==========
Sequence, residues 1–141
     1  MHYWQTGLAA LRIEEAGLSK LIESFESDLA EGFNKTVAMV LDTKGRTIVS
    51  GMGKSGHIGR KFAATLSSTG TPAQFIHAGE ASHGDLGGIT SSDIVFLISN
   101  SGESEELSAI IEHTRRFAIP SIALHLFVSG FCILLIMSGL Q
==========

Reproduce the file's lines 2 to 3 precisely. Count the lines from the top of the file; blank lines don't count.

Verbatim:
     1  MHYWQTGLAA LRIEEAGLSK LIESFESDLA EGFNKTVAMV LDTKGRTIVS
    51  GMGKSGHIGR KFAATLSSTG TPAQFIHAGE ASHGDLGGIT SSDIVFLISN